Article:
|Irish author Colm Tóibín|
Saturday, April 1, 2017
The author Colm Tóibín appeared at the University of South Carolina Thursday night as part of the OpenBook series.
He reminisced about being nominated for a Booker Prize and not getting it, all with deprecating humor—how he attended the awards ceremony convinced he’d take the prize, only to hear another name announced as the winner.
He discussed writing his book, The Master, a creative nonfiction account of the life of Henry James. To get beyond “James was born, he wrote, he died,” Tóibín brought his own reality to the carefully researched details of James’ life. Tóibín’s lecture ranged over literature with the assurance of a college professor, from Shakespeare to Robert Louis Stevenson to James Joyce.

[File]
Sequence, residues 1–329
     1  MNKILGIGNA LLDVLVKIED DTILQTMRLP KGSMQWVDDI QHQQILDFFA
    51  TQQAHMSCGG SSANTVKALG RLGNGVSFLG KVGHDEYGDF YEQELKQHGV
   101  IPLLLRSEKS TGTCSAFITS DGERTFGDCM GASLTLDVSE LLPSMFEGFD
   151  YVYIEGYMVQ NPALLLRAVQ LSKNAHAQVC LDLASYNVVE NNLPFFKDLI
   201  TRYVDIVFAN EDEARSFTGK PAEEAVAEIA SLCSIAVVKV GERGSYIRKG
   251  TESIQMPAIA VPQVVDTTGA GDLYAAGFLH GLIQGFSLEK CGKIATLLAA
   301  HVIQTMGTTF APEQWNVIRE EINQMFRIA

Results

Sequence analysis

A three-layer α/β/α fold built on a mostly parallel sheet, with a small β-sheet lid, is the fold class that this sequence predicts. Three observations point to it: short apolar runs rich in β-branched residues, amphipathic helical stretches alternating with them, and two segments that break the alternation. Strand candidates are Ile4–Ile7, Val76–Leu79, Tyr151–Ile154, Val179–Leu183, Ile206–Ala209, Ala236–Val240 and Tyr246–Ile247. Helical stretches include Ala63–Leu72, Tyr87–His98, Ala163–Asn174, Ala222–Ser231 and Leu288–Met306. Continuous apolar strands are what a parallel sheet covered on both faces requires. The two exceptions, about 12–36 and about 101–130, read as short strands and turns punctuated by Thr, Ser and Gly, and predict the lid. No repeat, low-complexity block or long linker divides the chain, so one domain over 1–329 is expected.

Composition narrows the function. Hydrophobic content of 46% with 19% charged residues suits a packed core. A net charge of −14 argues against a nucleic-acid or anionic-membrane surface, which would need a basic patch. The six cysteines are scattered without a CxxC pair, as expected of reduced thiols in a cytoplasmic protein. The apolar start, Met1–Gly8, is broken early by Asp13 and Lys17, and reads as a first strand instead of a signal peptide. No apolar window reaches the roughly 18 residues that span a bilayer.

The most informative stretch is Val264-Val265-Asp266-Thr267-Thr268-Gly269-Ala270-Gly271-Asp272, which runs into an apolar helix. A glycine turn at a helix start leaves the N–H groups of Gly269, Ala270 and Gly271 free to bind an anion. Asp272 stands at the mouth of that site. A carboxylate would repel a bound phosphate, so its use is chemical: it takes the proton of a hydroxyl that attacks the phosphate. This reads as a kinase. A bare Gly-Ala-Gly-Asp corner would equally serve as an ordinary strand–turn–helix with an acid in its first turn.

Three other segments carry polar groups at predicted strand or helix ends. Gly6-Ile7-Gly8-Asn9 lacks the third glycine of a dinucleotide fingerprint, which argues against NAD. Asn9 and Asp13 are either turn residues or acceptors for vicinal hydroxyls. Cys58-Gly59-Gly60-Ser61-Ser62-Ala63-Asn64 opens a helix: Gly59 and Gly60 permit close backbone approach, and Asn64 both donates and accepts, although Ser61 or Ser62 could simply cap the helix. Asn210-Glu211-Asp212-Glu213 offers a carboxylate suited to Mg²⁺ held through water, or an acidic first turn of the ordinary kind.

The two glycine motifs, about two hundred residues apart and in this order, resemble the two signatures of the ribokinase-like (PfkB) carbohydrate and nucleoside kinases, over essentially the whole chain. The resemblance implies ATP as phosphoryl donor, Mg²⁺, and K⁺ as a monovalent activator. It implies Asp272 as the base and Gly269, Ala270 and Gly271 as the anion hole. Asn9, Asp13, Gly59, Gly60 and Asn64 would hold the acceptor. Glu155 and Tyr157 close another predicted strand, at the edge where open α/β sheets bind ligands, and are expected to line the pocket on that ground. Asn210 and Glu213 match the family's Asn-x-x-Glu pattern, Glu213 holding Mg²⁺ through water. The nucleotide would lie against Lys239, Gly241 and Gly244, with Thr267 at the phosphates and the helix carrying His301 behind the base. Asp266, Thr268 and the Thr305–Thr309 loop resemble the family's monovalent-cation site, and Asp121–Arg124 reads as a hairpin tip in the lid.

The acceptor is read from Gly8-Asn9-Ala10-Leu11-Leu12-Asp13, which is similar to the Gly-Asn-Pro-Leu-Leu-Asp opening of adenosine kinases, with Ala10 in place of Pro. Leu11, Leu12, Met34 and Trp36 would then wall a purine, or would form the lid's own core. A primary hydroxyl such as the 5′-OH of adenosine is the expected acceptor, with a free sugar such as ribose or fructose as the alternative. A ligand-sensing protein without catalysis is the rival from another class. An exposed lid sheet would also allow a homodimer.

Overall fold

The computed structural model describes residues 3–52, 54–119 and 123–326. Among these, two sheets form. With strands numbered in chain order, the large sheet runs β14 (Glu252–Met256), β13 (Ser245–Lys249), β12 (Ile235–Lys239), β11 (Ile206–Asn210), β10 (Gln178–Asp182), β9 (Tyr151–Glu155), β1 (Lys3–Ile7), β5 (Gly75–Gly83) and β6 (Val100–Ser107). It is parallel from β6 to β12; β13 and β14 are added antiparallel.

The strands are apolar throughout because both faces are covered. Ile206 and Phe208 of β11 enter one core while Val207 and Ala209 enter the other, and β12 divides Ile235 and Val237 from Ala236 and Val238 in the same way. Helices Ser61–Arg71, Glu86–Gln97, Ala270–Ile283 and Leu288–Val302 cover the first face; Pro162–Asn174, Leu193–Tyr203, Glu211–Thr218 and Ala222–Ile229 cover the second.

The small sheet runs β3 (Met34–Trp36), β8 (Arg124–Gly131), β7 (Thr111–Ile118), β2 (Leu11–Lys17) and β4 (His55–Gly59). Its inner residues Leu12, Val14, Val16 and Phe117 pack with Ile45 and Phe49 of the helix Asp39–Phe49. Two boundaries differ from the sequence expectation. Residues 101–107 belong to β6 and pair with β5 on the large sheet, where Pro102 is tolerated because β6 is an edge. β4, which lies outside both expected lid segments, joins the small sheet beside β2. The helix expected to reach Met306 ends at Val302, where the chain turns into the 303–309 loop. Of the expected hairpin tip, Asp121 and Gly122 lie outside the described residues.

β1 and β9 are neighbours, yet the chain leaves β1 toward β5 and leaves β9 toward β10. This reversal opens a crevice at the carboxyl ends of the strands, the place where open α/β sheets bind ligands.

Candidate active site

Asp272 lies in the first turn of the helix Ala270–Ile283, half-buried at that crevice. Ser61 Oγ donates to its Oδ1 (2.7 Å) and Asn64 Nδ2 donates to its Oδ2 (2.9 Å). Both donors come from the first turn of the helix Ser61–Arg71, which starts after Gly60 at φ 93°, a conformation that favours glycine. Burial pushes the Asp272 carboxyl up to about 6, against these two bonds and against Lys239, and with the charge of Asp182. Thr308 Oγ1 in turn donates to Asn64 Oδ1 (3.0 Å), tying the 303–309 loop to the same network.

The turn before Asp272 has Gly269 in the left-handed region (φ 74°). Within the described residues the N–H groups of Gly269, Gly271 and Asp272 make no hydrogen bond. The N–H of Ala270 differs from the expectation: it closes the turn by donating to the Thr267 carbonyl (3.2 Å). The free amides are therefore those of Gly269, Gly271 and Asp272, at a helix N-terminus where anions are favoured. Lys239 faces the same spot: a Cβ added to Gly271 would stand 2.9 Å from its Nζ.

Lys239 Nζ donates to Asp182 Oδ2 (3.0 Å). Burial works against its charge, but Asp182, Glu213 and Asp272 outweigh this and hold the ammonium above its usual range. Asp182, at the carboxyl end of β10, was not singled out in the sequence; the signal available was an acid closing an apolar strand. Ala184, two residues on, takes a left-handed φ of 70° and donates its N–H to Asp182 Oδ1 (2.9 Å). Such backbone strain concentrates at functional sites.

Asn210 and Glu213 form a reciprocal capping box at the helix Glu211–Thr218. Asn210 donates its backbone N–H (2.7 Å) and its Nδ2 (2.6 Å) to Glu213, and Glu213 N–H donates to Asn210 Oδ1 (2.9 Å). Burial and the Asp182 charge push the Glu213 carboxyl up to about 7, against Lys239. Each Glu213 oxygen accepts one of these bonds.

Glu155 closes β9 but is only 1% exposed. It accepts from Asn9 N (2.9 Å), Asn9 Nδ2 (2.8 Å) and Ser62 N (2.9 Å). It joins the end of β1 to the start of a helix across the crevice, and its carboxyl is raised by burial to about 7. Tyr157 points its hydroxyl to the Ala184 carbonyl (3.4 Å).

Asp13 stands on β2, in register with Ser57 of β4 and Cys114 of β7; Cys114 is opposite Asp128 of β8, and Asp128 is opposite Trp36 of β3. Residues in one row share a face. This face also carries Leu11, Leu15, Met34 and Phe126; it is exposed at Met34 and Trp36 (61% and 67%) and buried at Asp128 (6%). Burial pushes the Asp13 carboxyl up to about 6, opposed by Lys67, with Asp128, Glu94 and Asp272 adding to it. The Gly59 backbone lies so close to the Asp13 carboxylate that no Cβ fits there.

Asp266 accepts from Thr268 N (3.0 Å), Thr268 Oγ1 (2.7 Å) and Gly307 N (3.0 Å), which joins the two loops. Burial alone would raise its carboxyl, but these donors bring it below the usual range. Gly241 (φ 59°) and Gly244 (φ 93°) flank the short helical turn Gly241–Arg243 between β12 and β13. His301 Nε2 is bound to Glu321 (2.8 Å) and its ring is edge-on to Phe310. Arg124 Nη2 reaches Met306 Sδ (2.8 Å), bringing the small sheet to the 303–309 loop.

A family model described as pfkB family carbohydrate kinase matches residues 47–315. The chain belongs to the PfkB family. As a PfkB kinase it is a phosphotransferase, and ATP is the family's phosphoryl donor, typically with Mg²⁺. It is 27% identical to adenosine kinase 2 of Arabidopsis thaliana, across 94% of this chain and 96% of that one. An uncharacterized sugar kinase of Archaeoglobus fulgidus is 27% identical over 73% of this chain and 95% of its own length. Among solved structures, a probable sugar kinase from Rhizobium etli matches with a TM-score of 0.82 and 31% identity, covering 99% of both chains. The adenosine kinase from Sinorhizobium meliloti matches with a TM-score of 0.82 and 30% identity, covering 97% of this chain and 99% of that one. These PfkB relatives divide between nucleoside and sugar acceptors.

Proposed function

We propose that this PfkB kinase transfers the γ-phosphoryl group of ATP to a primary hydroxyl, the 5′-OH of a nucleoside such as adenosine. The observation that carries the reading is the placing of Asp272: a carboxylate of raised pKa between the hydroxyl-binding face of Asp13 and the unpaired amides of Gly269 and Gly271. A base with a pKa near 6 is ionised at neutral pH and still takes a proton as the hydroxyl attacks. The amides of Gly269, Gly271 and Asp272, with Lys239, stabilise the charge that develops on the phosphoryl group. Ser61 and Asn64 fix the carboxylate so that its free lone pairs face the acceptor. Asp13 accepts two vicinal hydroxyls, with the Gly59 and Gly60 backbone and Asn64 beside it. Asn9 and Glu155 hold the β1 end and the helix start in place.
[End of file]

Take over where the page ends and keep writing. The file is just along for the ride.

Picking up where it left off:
It was exciting to see Tóibín, who wrote one of my favorite novels, Brooklyn. The book was made into a movie which is the antithesis of Hollywood’s ubiquitous hysterical adventure movies. Brooklyn has no car chases, no explosions, no gratuitous sex, no guns or murders, no gays, transsexuals or deprived blacks. You might call it a miracle.